adult ESL · air · baking science · batter · curriculum · dough · ESL · food science · gluten · learning never ends · mixing · mixing methods · science of mixing · teaching · yeast

Science of Mixing

Baking is a science.  You’ve probably heard that before, but what does it really mean?  The science (and math) fundamentals of baking have to do with the process and the interaction of the ingredients used.  When I teach my students, I focus on the steps to make bread and the functionality of bread ingredients.  Once they begin to understand that, we move onto the science of mixing, which is the focus of today’s post.
Rub your hands together.  You’ll notice that you generate heat, which is why we often do this in the winter to keep warm.  This is friction.  Friction creates heat (which is an important factor to consider especially when dealing with yeasted doughs).  This is why dough and batters get warm as they mix.
Along with friction, mixing further breaks down the particles so that they can come together into a cohesive dough or batter.  We mix for a few reasons.
  1. Combine ingredients
  2. Create gluten
  3. Add or incorporate air
Students learning about the science of mixing.  Here we are understanding the creaming mixing method by using shortening and confectioners sugar with a stand mixer fitted with a paddle attachment.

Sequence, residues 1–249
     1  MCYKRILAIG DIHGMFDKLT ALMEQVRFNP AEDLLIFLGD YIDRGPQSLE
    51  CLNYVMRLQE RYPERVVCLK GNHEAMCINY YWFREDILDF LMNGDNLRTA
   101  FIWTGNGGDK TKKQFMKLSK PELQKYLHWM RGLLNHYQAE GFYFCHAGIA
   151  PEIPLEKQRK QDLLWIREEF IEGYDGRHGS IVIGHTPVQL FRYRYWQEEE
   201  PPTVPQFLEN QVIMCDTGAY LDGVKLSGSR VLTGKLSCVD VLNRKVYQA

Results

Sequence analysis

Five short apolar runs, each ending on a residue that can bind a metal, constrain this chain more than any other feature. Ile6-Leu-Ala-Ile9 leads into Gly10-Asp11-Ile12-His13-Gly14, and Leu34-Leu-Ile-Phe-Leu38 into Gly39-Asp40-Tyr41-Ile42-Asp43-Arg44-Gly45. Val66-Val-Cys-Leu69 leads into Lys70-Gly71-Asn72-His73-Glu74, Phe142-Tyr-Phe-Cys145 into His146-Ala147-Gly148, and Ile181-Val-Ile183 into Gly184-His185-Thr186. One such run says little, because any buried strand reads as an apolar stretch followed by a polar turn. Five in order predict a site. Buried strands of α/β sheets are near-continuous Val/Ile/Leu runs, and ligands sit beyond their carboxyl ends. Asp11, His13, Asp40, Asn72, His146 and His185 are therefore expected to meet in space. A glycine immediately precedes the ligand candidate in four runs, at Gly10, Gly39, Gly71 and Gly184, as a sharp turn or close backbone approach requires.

The first one is the most obvious.  We’re mixing to form the dough or batter.  The second one, is specific for anything used with wheat flour and for yeasted doughs.  Gluten is what allows the air to be trapped inside during fermentation (where yeast eats sugar to create carbon dioxide).  The third one is one most, including my students, don’t consider.  Air as an ingredient is often overlooked.  There are specific instances wherein you would need to purposefully incorporate air.  For example, in meringues or whipped cream, you rely on air for height as well as texture and mouthfeel.  Egg whites, egg yolks, heavy cream, are all examples of ingredients you use to incorporate air.  These batters are very delicate so you must be careful with overmixing or overworking it, thereby deflating it.
There are several mixing methods used in baking.  The three most common ones are:  creaming, kneading, and beating.  Sounds a bit violent, right?  Knowing which method you need to use tells you the order the ingredients should be added and how it should be done (tools, etc.).  Generally, if a recipe says to use the creaming method, you would use a paddle attachment to mix the butter and sugar.  For kneading, you would use a dough hook attachment.  Finally, for beating, you would use a whisk attachment.
Understanding the fundamentals in baking allows you to manipulate them in order to influence the outcome of the final product.  I could go on and on as I find the science of baking interesting and am always seeking more knowledge to increase my understanding of these concepts.  We’ll stop here for now.

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